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‘National Pastime’ opens Bucks County Playhouse’s season

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STORY WRITTEN BY TARA LYNN JOHNSON 
For Digital First Media

Bats crack on baseball diamonds at the same time the curtain rises on the 76th season at the Bucks County Playhouse (BCP). Everyone’s hoping for a home run with the comedic musical “National Pastime.”
The story: It’s 1933 in small town Iowa, and Barry, co-owner of the local radio station WZBQ, tries to keep the other owner from selling. The biggest crowd-pleaser once was the broadcast of a now-defunct baseball team’s games. Barry decides to offer baseball games again, only this time, there’s no team and there are no games. Will his scheme change co-owner Karen’s mind and will they fall in love?
The cast of “National Pastime” features Broadway performers from “The Book of Mormon,” “Les Miserables,” and “Hair.” Director Hunter Foster, a BCP Artistic Associate, has performed on the Great White Way as well, in “The Bridges of Madison County,” “The Producers,” “Little Shop of Horrors,” and “Urinetown.” At BCP, he previously directed “Summer of ‘42” and “The Rocky Horror Show.”
During a break from rehearsal in New York City, he talked about the challenges of mounting this production.
“We’re trying to put a new musical on its feet, marrying the script to the actors and choreography and discovering new things in the room, what the actors are bringing to it,” he said. “We’re putting all those pieces together, slowly figuring it out.”
He also discussed how much he’s looking forward to coming back to New Hope.
“I love it. What’s great about it — the theater is centrally located. It’s very much a part of the town,” he said. “I love the vibe of New Hope, the ambience on the Delaware. It’s an eclectic little town. I’ve fallen in love with it.”
One of his favorite things about “National Pastime” is its nostalgia.
“It’s a screwball comedy that harkens back to golden age of musicals. It’s a traditional sort of piece, which I don’t think they’re writing anymore,” Foster said. “This is a throwback to the comedies of the 1930s, but it feels fresh because you don’t see a lot of that these days.”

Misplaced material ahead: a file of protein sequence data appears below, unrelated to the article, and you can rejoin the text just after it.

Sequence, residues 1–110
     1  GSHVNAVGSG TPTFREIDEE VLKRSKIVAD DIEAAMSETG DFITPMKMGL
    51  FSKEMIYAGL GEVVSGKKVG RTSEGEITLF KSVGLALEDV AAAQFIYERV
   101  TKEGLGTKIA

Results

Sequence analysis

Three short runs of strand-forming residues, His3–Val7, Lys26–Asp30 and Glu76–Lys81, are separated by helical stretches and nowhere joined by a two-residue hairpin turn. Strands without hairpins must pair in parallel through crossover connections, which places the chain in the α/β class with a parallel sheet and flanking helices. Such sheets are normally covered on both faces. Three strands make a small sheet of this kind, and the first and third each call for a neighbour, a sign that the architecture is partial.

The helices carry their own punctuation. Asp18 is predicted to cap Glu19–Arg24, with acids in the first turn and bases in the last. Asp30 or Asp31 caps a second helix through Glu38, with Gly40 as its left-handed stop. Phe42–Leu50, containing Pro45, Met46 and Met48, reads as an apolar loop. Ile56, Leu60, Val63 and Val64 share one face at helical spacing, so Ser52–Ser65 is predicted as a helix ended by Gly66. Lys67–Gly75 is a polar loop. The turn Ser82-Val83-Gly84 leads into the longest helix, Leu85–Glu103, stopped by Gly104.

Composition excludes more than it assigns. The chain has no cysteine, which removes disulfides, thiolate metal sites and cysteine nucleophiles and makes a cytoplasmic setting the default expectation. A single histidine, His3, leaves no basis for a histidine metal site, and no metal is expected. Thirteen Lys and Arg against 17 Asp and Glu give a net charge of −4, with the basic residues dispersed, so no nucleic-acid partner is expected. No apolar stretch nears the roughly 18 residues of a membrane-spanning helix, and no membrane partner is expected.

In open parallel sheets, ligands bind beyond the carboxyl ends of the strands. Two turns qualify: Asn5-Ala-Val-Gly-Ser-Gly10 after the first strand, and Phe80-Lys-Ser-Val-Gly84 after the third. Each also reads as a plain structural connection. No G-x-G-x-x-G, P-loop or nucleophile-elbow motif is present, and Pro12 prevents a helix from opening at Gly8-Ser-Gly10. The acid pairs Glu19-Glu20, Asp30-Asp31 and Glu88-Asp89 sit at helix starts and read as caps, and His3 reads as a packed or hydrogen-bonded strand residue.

Spencer Plachy plays Barry, an optimistic, sees-the-bright-side kind of guy. Though the story happens during the Great Depression, Barry thinks everything will work out just fine. The actor can relate to his character’s outlook.

Janie DiVita, who plays Karen, and Spencer Plachy, who plays Barry, rehearse a smiley scene from "National Pastime."  Photo by Mandee Kuenzle

Janine DiVita, who plays Karen, and Spencer Plachy, who plays Barry, rehearse a smiley scene from “National Pastime.”
Photo by Mandee Kuenzle

“As actors, you have to have this kind of hope that some kind of dream is going to work out,” he said. “That lives inside me regardless of what happens.”
Plachy hasn’t worked with Foster before. He’s a fan of his, though, and is enjoying the collaboration.
“It’s been delightful. I welcome the kind of environment that he puts forth,” Plachy said. “I really enjoy when you feel like you’re contributing. You can find yourself in situations where a director tells you what you do and you do it. This isn’t like that. You feel like you’re part of creating something.”
Plachy, who has performed on Broadway in “Romeo and Juliet” and in national theaters in “Oklahoma” and “Fiddler on the Roof” among others, likes finding “the moments” in musicals.
“People break out in song. From an acting approach, you have to find why. You’re singing because you can’t say it. It’s so important, it’s so big, the only way to convey it is to sing,” he said.
He likes that “National Pastime” is old-school funny and positive, too.
“I’ve always been a fan of screwball comedy,” he said. “And the whole idea of optimism — that’s very present in the show, on every page, in every note.”
Both Foster and Plachy are optimistic that people who come to see the show will enjoy another amazing live theater experience. Both men enjoy the connection theater provides.
“There’s a big 3-D fad in movies right now. I tell people that 3-D has been around for hundreds of years. It’s called theater,” Plachy said. “The show that happens on any given night is its own unique contained living experience. It lives and then it’s gone. You have to be there in person to feel what that’s like and really be moved by that kind of interaction.”
For “National Pastime,” that means audiences and the cast will share the enjoyment of a nod to the past, as well as lots of laughs, music and dancing, and fun.
“It’s whimsical and funny and romantic,” Foster said. “In a lot of ways, it’s sort of magical.”

IF YOU GO

What: “National Pastime”
When: Show runs April 2-19.
Where: Bucks County Playhouse, 70 S. Main St., New Hope.
Tickets: Starting at $29.
Info.: Call (215) 862-2121 or visit www.bcptheater.org.
Note: BCP’s season will include productions of “Company,” “On Golden Pond,” “Animal Crackers,” and “It’s a Wonderful Life: A Live Radio Play.”

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